By Matty Hume, September 7 2018 —
The University of Calgary’s Students’ Union has released their municipal advocacy priorities for the 2018-19 executive term. SU president Sagar Grewal presented the four primary points of advocacy, which surround civic elections and student-focused suggestions to improve Calgary transit, to the Students’ Legislative Council on Aug. 14.
“The document essentially outlines our priorities for the City of Calgary to best improve the student experience at the U of C,” Grewal said. “We do have four main points on the document, the biggest ones being reforming the transit fare system, revising the process for appealing transit tickets, increasing consultations with the university, post-secondary institutions and students’ associations and increasing access to civic election voting.”
In terms of transit fare reform, the SU is calling for an electronic fare system, which has been successfully implemented in public transit systems in many major Canadian cities. But over the past decade, Calgary has developed a history of attempted electronic fare systems falling off the rails. In 2015, the City of Calgary cancelled it’s CONNECT electronic fare system due to technical failures such as paid fares being unrecognizable on bus readers. According to Global News, the city hired Schneider Electric to develop the system in 2010, which was cancelled in 2012, brought back in 2013 and ultimately scrapped. In 2017, Calgary Transit considered implementing a mobile ticketing system through a smartphone app, which never came to fruition.
Grewal says an electronic fare system will have other benefits for students.
“I think some of these do go hand in hand. When it comes to reforming transit fare, the biggest thing we’re talking about is moving towards an electronic fare system which has many benefits for students. For example, this allows us to have access to data to better understand how students use transit,” Grewal said. “Currently, we can’t really understand the habits and trends of students using transit so that data would be extremely valuable to improve it. In other ways, an electronic fare system could be a lot more sustainable. Right now you have to rely on transfers, you have to rely on tickets. Or in the case that a student forgets their UPass one day, they can pay with debit or credit and reduce their chance of getting a ticket.”
Transit tickets and their accompanying fines are another central advocacy point for the SU. Specifically, the SU is pushing for a municipal tribunal system to handle transit tickets, which are currently handled within the provincial court system.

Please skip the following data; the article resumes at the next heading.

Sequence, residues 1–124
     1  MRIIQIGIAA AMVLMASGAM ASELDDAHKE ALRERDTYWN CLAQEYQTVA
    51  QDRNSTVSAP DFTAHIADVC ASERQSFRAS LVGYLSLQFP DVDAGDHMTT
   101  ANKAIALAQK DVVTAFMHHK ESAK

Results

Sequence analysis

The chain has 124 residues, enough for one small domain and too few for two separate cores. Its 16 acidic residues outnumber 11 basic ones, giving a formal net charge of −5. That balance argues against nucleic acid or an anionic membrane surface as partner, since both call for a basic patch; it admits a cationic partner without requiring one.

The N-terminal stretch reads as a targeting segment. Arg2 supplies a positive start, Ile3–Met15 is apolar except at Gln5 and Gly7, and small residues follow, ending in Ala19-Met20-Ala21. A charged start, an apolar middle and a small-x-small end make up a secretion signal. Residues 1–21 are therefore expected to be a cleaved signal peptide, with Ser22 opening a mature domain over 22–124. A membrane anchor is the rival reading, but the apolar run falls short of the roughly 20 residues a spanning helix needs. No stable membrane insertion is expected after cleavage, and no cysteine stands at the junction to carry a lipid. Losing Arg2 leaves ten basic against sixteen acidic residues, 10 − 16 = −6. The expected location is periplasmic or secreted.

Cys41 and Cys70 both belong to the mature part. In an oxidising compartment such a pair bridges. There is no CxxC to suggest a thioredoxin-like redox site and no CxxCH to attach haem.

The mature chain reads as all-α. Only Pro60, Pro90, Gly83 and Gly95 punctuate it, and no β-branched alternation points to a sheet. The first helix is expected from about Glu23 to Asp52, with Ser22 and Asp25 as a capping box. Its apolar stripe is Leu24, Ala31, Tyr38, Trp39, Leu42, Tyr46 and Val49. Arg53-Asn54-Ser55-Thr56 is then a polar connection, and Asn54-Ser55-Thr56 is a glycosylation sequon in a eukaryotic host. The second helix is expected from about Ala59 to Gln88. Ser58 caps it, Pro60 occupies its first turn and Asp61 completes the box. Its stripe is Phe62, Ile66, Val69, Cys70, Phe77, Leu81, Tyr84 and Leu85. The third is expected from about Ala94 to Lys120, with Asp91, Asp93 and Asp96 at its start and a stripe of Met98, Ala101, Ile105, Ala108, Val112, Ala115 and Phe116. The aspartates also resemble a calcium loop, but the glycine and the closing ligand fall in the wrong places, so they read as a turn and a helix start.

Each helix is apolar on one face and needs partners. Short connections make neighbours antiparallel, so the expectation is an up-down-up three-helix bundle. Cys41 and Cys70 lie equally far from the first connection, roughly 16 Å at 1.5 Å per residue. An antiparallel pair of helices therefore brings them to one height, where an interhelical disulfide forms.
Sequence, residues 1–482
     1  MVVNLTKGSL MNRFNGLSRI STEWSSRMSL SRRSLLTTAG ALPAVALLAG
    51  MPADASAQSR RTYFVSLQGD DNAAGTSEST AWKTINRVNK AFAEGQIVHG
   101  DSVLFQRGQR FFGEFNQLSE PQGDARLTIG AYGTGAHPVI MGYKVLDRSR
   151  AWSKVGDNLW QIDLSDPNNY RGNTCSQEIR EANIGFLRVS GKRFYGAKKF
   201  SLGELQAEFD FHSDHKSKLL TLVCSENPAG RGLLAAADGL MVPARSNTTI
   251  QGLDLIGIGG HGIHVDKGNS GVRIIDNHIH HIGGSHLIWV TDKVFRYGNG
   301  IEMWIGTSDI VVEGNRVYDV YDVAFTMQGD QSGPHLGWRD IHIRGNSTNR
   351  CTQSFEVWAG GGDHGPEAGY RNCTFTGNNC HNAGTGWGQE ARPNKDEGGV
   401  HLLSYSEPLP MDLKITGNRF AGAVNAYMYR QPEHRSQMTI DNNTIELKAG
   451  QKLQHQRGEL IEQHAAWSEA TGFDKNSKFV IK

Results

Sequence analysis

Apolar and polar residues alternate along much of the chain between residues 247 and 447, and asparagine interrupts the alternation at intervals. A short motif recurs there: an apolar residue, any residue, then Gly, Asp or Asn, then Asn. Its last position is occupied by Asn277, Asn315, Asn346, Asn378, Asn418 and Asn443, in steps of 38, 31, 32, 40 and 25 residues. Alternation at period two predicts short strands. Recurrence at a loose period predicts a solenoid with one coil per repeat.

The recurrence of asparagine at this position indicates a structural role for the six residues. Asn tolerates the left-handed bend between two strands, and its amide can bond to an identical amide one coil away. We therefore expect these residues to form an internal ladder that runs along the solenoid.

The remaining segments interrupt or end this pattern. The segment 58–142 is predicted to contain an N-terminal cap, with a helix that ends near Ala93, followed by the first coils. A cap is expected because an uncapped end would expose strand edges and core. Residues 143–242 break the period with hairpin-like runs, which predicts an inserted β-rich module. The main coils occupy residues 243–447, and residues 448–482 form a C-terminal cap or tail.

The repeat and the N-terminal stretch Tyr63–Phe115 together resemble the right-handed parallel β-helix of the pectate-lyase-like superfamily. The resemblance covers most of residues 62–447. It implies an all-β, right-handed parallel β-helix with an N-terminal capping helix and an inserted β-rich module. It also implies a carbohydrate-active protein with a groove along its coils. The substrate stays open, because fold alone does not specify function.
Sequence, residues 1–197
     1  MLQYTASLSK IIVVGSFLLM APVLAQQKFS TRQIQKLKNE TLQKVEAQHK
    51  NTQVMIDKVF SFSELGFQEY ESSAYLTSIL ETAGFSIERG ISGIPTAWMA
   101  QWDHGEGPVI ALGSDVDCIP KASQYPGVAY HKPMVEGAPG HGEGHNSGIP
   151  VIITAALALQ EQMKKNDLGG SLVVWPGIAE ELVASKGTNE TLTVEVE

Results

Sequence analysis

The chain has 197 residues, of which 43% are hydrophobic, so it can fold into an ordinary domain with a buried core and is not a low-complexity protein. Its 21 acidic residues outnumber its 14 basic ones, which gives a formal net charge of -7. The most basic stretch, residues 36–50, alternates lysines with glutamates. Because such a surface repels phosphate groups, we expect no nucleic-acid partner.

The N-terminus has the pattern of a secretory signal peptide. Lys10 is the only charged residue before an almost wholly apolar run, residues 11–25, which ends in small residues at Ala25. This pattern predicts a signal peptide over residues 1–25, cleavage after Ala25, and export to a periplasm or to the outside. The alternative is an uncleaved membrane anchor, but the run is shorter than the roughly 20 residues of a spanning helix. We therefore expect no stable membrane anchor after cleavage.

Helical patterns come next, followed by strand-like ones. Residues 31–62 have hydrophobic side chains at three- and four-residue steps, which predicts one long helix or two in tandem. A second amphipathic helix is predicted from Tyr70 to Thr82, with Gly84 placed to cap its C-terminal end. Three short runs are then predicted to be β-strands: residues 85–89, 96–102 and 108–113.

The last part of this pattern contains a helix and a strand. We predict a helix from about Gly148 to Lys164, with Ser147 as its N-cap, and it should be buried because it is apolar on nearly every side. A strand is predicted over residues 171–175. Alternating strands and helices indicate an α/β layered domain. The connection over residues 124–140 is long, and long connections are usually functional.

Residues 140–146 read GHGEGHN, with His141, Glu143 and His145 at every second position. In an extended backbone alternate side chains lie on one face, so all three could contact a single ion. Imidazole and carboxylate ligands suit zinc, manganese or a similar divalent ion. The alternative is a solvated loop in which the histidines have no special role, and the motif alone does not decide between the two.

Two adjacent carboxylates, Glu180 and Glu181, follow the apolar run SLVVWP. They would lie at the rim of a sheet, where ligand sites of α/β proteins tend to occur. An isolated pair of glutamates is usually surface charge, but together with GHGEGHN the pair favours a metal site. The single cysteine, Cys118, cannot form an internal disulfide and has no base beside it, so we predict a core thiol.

“We need to look for a better solution, such as a tribunal, to ensure students aren’t paying transit tickets through the provincial court system,” Grewal said. “It’s a very rigid, overburdened and expensive system to go through, so flexibility is extremely valuable for students.”
According to Grewal, each advocacy point goes hand-in-hand. For example, the point of creating a consultative body between the City of Calgary, post-secondary institutions and their respective students’ associations can directly increase the SU’s ability to advocate for the other three priorities.
“Increasing consultation by forming a body composed of City of Calgary representatives, post-secondary institution representatives and then their respective students’ associations can be a mechanism to get us all at the table,” Grewal said. “And maybe the three other advocacy points can be discussed at that table as well.
“Other students’ associations would love to be a part of that so we all have a seat at the table,” Grewal continued. “If there are places where the city and institutions and students align or disagree, at least we can figure that out and discuss it.”
The SU’s fourth municipal advocacy priority is to ensure students have access to on-campus municipal voting, considering the commuting nature of Calgary’s post-secondary institutions.
Normally, advocacy efforts at all levels are spearheaded by the SU’s vice-president external, but that position will remain vacant until a byelection in October, following Puncham Judge’s resignation in April. Due to the vacancy, Grewal is currently undertaking undergraduate advocacy himself.
“Frankly, it hasn’t been too big of a challenge because both [the VP external and myself] have presence advocating on these issues,” Grewal said. “It would be the VP external and myself going to these meetings anyway, so it’s myself really leading the charge. Once we have a VP external, they’ll have the ability to take charge of advocacy at all levels.”
Since an incoming VP external will be elected based on their own unique platform, these advocacy priorities have the potential to change once the position is filled, according to Grewal.
“I think a great thing about our municipal priorities, since they’re of our own organization as opposed to a larger advocacy group, is we have the ability to revise them continuously which is something we currently do,” he said. “Because we constantly get great feedback from councillors, representatives from the city, servants, as well as just other stakeholders. We’re constantly trying to revise these because we’re constantly trying to make them the best possible.”
The SU’s municipal advocacy priorities are available here.